Figure 1 shows the phylogenetic neighborhood of L. aquimarina in a 16S rRNA gene based tree. The sequences of the four identical 16S rRNA gene copies in the genome do not differ from the previously published 16S rRNA gene sequence AM900415.
Figure 1.

Phylogenetic tree highlighting the position of L. aquimarina relative to the type strains of the other species within the genus Leisingera and the neighboring genera Phaeobacter and Ruegeria. The tree was inferred from 1,383 aligned characters [9,10] of the 16S rRNA gene sequence under the maximum likelihood (ML) criterion [11]. Rooting was done initially using the midpoint method [12] and then checked for its agreement with the current classification (Table 1). The branches are scaled in terms of the expected number of substitutions per site. Numbers adjacent to the branches are support values from 1,000 ML bootstrap replicates [13] (left) and from 1,000 maximum-parsimony bootstrap replicates [14] (right) if larger than 60%. Lineages with type strain genome sequencing projects registered in GOLD [15] are labeled with one asterisk, those also listed as ‘Complete and Published’ with two asterisks [16,17]. The genomes of P. caeruleus [18] and P. arcticus [19] are reported in this issue.

Morphology and physiology

Cells of strain R-26159T are Gram-negative, ovoid (1 × 1.4 µm) and contain a single polar flagellum (not visible in Figure 2), which is used for motility. Poly-β-hydroxybutyrate is present in inclusion bodies. Colonies are dark beige-pink in color, round and 1–2 mm in diameter after 3 days incubation on marine agar (MA). Growth occurs after 2 days incubation at 20 °C on MA, but not on Reasoner’ 2A agar (R2A), Nutrient agar (NA), Trypticase-Soy agar (TSA) or Peptone-Yeast Extract-Glucose agar (PYG). The temperature range for growth is 4–37°C whereas no growth occurs at 40°C or higher. The salinity range for growth is 1–7% NaCl. The pH range for growth is 5.5–9.0 with an optimum between 6.5–8. Growth occurs on betaine (1 mM) as a sole carbon source, but not on L-methionine (10 mM). Cells are catalase- and oxidase-positive. Degradation of gelatin is weakly positive but cells do not degrade tyrosine, DNA, starch, casein, chitin, aesculin or Tween 80. The strain shows leucine arylamidase activity; weak alkaline phosphatase, esterase lipase (C8) and naphthol-AS-BI phosphohydrolase activities. No activity is detected for esterase (C4), valine arylamidase, acid phosphatase, α-galactosidase, β-glucuronidase, α-glucosidase, β-glucosidase, N-acetyl-β-glucosaminidase, α-mannosidase, lipase (C14), cystine arylamidase, trypsin, α-chymotrypsin, arginine dihydrolase, urease or α-fucosidase. Nitrate is not reduced to nitrite or nitrogen. Indole is not produced and glucose is not fermented. Cells do not assimilate D-glucose, L-arabinose, D-mannose, D-mannitol, N-acetylglucosamine, maltose, potassium gluconate, capric acid, adipic acid, malate, citrate or phenylacetic acid. Cells are susceptible to cefoxitin (30 mg), erythromycin (15 mg), tetracycline (30 mg) and streptomycin (25 mg), but resistant to vancomycin (30 mg), trimethoprim (1.25 mg), clindamycin (2 mg) and gentamicin (30 mg) (all data from [1]).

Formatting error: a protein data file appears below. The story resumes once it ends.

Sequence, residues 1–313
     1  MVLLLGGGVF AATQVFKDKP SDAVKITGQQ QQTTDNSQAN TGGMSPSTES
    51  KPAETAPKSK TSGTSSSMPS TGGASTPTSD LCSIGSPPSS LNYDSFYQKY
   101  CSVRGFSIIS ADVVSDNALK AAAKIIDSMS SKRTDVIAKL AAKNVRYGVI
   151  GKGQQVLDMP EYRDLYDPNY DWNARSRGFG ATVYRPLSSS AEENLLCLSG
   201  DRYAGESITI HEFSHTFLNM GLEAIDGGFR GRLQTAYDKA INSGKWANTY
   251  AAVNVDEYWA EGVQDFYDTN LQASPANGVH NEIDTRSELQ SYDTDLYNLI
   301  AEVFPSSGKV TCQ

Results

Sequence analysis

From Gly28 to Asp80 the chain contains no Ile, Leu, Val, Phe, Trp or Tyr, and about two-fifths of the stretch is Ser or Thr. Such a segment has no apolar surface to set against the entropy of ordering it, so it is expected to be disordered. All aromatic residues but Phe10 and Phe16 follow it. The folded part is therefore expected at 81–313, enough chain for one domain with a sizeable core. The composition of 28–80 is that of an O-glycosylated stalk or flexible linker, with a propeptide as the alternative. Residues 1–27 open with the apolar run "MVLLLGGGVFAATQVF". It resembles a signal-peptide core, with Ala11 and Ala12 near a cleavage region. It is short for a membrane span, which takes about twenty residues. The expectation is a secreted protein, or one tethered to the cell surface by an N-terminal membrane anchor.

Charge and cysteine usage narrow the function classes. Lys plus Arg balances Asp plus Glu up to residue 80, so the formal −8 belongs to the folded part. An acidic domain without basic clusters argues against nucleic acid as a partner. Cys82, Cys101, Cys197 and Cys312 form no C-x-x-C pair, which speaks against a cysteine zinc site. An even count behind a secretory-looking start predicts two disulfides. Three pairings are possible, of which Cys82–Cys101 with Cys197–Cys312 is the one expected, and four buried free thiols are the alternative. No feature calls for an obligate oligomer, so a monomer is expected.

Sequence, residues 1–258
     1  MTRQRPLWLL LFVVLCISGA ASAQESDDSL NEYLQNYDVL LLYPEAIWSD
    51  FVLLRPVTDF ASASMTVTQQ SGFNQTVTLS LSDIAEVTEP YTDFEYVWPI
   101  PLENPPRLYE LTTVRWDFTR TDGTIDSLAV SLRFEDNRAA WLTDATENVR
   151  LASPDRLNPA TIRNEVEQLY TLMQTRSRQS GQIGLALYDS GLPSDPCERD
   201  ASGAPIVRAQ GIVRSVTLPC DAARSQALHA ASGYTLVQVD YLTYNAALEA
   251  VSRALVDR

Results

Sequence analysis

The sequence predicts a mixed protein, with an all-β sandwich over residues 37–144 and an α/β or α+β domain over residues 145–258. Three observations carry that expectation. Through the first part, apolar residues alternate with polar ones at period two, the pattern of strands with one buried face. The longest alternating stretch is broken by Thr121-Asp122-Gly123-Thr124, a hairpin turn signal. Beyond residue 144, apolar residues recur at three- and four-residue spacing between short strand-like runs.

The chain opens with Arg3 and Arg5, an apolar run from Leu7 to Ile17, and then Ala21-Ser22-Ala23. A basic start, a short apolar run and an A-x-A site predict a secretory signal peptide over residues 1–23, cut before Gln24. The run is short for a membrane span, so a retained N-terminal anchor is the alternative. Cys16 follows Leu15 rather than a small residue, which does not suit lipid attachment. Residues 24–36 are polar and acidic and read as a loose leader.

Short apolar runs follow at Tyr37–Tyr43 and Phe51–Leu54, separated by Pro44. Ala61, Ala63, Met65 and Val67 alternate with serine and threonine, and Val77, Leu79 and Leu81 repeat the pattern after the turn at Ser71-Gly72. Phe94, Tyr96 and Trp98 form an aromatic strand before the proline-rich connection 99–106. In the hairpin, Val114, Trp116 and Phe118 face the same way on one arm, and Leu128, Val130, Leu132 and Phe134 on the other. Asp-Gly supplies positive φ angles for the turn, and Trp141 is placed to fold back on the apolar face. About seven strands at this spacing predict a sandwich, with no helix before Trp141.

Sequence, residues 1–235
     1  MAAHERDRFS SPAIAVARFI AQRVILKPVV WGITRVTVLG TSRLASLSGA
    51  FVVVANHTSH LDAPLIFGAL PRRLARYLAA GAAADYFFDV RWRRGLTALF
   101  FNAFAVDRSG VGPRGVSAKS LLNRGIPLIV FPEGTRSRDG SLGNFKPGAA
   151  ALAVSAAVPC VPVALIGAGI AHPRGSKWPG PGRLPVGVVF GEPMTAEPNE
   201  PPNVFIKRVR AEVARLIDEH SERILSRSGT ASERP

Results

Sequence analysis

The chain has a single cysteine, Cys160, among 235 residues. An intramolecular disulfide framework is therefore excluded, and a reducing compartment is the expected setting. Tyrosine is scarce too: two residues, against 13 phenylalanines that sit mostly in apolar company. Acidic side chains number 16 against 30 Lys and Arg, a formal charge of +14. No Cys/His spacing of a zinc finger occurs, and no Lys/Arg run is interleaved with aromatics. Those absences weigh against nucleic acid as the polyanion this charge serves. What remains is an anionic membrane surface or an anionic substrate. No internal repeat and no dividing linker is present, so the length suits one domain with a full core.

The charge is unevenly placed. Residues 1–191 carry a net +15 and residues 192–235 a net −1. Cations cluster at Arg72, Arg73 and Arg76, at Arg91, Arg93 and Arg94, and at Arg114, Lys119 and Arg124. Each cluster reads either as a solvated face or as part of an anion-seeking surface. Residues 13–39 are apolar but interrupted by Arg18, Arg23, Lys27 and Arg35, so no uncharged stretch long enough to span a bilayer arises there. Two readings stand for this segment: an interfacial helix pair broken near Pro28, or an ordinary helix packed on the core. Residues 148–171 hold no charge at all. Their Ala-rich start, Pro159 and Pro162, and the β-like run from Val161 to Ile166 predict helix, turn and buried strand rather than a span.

Figure 2.

Scanning electron micrograph of L. aquimarina DSM 24565T.

The utilization of carbon compounds by L. aquimarina DSM 24565T grown at 20°C was also determined for this study using Generation-III microplates in an OmniLog phenotyping device (BIOLOG Inc., Hayward, CA, USA). The microplates were inoculated at 28°C with a cell suspension at a cell density of 95–96% turbidity and dye IF-A. Further additives were vitamin, micronutrient and sea-salt solutions. The exported measurement data were further analyzed with the opm package for R [31,32], using its functionality for statistically estimating parameters from the respiration curves and translating them into negative, ambiguous, and positive reactions. The strain was studied in two independent biological replicates, and reactions with a different behavior between the two repetitions were regarded as ambiguous. At 28°C the strain reacted poorly, with positive reactions only for 1% NaCl, 4% NaCl and lithium chloride. This is in accordance with the comparatively low median of the temperature range of the strain [1].

Chemotaxonomy

The principal cellular fatty acids of strain R-26159T are mono-unsaturated straight chain acids: C18:1 ω7c (71.6%), C14:1 iso E (11.6%), C14:1 2-OH (4.2%), C16:0 2-OH (4.2%), C16:0 (3.5%), an unknown fatty acid of equivalent chain-length 11.799 (2.7%), C12:0 3-OH (2.1%) as well as C10:0 3-OH (2.0%) [28]. Remaining fatty acids were detected in very small fractions only (<1.0%) [1]. The same predominant fatty acids were also found in other members of the Phaeobacter-Leisingera cluster [2,28,33].
Table 1.